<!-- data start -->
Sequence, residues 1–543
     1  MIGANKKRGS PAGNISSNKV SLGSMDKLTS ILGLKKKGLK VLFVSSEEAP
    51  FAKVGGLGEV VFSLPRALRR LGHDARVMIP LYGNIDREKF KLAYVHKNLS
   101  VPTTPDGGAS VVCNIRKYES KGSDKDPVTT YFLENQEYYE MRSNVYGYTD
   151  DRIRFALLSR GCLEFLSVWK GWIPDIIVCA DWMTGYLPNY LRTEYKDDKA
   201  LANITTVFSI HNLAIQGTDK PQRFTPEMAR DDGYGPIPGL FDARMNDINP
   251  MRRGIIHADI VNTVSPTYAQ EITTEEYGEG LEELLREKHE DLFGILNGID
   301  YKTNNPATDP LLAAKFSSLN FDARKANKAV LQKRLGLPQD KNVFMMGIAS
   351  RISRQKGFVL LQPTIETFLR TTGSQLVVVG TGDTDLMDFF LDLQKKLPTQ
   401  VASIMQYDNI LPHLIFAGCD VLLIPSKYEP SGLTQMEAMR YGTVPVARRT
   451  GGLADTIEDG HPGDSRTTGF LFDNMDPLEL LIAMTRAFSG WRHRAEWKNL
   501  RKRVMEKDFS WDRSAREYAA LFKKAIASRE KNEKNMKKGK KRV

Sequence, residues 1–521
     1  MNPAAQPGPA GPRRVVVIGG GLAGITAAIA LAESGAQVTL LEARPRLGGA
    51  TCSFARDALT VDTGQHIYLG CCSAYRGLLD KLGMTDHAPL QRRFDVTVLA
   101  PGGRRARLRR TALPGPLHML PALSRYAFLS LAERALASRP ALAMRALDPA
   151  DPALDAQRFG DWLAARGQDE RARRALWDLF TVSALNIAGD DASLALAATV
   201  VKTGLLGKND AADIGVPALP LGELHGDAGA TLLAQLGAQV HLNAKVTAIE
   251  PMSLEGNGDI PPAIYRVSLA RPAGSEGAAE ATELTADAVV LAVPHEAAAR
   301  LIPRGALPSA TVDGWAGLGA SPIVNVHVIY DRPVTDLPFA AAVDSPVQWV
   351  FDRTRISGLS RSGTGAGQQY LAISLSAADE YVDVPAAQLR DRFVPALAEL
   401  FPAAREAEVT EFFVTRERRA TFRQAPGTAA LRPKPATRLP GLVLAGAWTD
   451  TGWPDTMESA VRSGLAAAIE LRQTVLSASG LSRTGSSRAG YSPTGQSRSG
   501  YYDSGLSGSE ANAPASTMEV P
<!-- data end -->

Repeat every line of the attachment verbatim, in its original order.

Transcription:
Sequence, residues 1–543
     1  MIGANKKRGS PAGNISSNKV SLGSMDKLTS ILGLKKKGLK VLFVSSEEAP
    51  FAKVGGLGEV VFSLPRALRR LGHDARVMIP LYGNIDREKF KLAYVHKNLS
   101  VPTTPDGGAS VVCNIRKYES KGSDKDPVTT YFLENQEYYE MRSNVYGYTD
   151  DRIRFALLSR GCLEFLSVWK GWIPDIIVCA DWMTGYLPNY LRTEYKDDKA
   201  LANITTVFSI HNLAIQGTDK PQRFTPEMAR DDGYGPIPGL FDARMNDINP
   251  MRRGIIHADI VNTVSPTYAQ EITTEEYGEG LEELLREKHE DLFGILNGID
   301  YKTNNPATDP LLAAKFSSLN FDARKANKAV LQKRLGLPQD KNVFMMGIAS
   351  RISRQKGFVL LQPTIETFLR TTGSQLVVVG TGDTDLMDFF LDLQKKLPTQ
   401  VASIMQYDNI LPHLIFAGCD VLLIPSKYEP SGLTQMEAMR YGTVPVARRT
   451  GGLADTIEDG HPGDSRTTGF LFDNMDPLEL LIAMTRAFSG WRHRAEWKNL
   501  RKRVMEKDFS WDRSAREYAA LFKKAIASRE KNEKNMKKGK KRV

Sequence, residues 1–521
     1  MNPAAQPGPA GPRRVVVIGG GLAGITAAIA LAESGAQVTL LEARPRLGGA
    51  TCSFARDALT VDTGQHIYLG CCSAYRGLLD KLGMTDHAPL QRRFDVTVLA
   101  PGGRRARLRR TALPGPLHML PALSRYAFLS LAERALASRP ALAMRALDPA
   151  DPALDAQRFG DWLAARGQDE RARRALWDLF TVSALNIAGD DASLALAATV
   201  VKTGLLGKND AADIGVPALP LGELHGDAGA TLLAQLGAQV HLNAKVTAIE
   251  PMSLEGNGDI PPAIYRVSLA RPAGSEGAAE ATELTADAVV LAVPHEAAAR
   301  LIPRGALPSA TVDGWAGLGA SPIVNVHVIY DRPVTDLPFA AAVDSPVQWV
   351  FDRTRISGLS RSGTGAGQQY LAISLSAADE YVDVPAAQLR DRFVPALAEL
   401  FPAAREAEVT EFFVTRERRA TFRQAPGTAA LRPKPATRLP GLVLAGAWTD
   451  TGWPDTMESA VRSGLAAAIE LRQTVLSASG LSRTGSSRAG YSPTGQSRSG
   501  YYDSGLSGSE ANAPASTMEV P